Of course, "too much me" is the very essence of Lisa Germano's work, and "Lullaby for a Liquid Pig" is no exception. The hazy, almost underwater vocals of the opening track, "Nobody's Playing," are accompanied by a hesitant melody picked out on piano keys. When she murmurs, "Circles and circles/ Places to drown/ All that you feel/ Is you're going down," there's a doomed inevitability, a noose that only grows tighter as the album progresses.
The discordant opening of "Liquid Pig" is a rumination on morning-after regret, Germano's accusatory whisper "Who did you call/ What did you say" a precursor to the certainty that whatever you said, whatever you did, you'll doubtless do it again -- and feel like shit the next day. The delicate prettiness of "Pearls" is laced with self-loathing ("Hurry world/ Whirl and whirl/ Stop when you fall down") and the siren call of home.
"That song is about alcohol," Germano says. "When you look inside, you see some really bad shit. But then, as you're getting drunk, you feel like you're home. But that's not right, getting drunk to do that. It strips it away and then puts it back in. When you hate yourself, all sorts of stuff grows, but in the end there's nothing to learn from alcohol."
There's a raw quality to Germano's voice on many of the songs here that she freely admits is owed to her vices: "I like some smoke and some wine when I sing," she says. "It makes me like the sound of my voice. It doesn't make it gravelly, doesn't make me turn into Marianne Faithfull. It just deepens it." She almost sounds giddy on the song "Party Time" when she drawls, "And I smell like wine, most of the time, a big red wine."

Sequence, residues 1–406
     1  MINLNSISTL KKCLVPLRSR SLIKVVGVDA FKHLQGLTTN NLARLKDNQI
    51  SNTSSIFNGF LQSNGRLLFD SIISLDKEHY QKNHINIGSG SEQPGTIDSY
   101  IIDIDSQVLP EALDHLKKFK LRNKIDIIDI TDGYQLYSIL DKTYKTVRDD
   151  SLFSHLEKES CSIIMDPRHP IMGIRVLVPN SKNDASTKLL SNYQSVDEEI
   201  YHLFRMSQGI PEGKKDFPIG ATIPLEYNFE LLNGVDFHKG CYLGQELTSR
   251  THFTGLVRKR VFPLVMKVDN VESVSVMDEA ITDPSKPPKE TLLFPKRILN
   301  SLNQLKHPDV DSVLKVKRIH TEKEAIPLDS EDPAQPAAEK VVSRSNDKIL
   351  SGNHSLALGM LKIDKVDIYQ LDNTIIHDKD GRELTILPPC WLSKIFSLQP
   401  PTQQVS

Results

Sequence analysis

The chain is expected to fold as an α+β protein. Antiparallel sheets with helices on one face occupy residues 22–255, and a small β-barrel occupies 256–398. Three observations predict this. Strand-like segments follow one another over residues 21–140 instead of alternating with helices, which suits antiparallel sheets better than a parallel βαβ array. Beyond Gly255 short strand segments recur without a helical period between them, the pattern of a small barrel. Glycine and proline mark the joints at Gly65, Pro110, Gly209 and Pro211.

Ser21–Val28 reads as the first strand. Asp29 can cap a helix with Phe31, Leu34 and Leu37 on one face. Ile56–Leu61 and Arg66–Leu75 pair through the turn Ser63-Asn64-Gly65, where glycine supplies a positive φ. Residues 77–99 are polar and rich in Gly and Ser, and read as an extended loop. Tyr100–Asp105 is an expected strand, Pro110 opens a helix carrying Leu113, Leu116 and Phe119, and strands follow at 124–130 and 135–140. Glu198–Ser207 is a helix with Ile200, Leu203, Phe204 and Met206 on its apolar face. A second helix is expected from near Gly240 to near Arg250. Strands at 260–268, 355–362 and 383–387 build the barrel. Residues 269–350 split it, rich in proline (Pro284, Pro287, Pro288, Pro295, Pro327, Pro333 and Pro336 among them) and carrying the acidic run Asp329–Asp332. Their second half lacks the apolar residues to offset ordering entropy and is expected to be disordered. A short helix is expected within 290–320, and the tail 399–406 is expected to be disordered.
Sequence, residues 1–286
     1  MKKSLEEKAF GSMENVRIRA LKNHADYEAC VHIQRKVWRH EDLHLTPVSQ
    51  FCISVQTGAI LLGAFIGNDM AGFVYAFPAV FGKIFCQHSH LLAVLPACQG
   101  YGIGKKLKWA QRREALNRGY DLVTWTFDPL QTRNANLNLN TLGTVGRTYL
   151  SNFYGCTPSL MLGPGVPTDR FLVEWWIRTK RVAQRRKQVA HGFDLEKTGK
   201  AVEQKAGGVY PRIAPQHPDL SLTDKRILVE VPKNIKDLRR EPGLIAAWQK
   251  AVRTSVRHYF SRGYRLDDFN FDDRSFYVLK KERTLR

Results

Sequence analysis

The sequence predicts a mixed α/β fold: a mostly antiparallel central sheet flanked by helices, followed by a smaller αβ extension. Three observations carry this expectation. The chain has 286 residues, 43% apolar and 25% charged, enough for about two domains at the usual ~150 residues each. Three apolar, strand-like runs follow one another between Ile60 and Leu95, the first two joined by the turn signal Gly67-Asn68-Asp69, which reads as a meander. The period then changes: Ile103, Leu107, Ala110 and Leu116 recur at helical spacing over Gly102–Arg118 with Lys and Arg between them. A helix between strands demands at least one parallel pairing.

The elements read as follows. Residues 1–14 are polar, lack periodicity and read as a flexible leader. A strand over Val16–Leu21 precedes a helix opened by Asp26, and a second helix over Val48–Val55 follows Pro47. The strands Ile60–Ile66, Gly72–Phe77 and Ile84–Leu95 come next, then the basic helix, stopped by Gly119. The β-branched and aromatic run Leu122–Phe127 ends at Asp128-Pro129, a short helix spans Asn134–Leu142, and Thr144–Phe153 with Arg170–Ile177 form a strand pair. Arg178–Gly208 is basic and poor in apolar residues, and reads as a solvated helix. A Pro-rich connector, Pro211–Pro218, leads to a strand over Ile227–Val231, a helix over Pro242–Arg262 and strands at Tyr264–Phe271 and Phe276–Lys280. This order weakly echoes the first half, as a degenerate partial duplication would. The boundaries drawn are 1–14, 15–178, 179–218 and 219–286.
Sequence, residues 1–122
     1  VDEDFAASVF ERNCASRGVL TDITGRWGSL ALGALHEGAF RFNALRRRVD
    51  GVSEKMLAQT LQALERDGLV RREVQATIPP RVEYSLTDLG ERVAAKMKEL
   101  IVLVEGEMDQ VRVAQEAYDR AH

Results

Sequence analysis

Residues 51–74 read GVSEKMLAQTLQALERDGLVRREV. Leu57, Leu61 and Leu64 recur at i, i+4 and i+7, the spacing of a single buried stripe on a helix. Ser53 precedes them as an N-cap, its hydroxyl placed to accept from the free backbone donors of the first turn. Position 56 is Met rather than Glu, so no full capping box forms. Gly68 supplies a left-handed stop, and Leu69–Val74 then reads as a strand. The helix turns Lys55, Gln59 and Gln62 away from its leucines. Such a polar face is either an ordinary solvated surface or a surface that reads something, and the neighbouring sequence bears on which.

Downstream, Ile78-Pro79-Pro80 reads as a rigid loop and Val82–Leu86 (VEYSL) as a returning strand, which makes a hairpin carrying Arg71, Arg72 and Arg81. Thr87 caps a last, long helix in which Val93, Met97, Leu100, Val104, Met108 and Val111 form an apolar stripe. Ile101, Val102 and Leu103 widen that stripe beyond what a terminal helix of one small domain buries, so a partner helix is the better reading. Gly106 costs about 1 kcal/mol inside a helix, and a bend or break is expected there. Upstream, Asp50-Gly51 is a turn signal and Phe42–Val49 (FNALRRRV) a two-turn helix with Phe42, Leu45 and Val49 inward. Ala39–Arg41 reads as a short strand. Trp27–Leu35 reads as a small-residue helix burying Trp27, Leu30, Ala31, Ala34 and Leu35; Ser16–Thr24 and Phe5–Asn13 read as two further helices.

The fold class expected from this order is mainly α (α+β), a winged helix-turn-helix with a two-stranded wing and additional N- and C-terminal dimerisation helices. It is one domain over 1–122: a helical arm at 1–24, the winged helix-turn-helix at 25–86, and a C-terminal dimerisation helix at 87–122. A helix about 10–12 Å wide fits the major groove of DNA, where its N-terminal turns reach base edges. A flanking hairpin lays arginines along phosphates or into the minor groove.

The album's title track flirts with the idea of going cold turkey before quickly backpedaling: "Well, if I do stop/ Or if I don't stop/ It doesn't matter/ I probably won't stop." A fluid segue into the next song, the almost dizzy introspection of "Into the Night," finds Germano making a laundry list of denial: "What not to see/ What not to hear/ What not to be/ When you begin seeing your sins."
A slender hint of hope snakes through the album's last track "To Dream," tempered with a heartbreaking fragility. Of course, after all that's come before, the listener clings to lines like "Don't give up your dream/ It's really all you have/ And I don't want to see you die," hoping that wishing might just be enough -- just this once -- to make it so. - - - - - - - - - -